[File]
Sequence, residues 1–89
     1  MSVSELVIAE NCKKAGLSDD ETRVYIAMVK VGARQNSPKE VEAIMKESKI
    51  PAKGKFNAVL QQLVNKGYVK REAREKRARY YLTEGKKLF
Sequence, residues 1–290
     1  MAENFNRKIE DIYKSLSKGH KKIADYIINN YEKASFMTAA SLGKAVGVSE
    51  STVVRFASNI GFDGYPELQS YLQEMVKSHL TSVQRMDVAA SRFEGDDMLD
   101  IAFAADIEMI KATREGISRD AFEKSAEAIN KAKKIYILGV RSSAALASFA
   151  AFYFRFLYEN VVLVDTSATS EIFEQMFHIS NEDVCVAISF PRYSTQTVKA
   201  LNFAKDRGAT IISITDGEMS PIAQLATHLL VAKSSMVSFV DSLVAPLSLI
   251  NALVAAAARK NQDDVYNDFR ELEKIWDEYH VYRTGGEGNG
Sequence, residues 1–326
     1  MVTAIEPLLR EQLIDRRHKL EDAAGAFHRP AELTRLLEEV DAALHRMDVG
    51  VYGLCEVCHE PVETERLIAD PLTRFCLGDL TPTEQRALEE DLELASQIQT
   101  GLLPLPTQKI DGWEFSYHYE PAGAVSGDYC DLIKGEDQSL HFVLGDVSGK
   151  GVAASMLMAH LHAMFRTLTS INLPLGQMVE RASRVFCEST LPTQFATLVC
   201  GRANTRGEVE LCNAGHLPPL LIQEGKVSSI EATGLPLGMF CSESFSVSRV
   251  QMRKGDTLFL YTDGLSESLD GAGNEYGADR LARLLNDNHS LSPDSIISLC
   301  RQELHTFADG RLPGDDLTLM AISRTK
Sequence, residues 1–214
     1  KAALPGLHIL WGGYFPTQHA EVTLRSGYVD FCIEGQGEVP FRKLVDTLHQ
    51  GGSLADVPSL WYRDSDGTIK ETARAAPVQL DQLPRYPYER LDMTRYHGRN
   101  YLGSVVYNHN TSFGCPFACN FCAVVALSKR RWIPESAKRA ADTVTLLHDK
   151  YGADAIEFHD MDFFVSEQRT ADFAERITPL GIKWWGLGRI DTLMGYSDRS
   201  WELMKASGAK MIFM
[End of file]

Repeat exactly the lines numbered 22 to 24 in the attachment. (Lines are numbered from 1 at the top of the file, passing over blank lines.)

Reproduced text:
   101  YLGSVVYNHN TSFGCPFACN FCAVVALSKR RWIPESAKRA ADTVTLLHDK
   151  YGADAIEFHD MDFFVSEQRT ADFAERITPL GIKWWGLGRI DTLMGYSDRS
   201  WELMKASGAK MIFM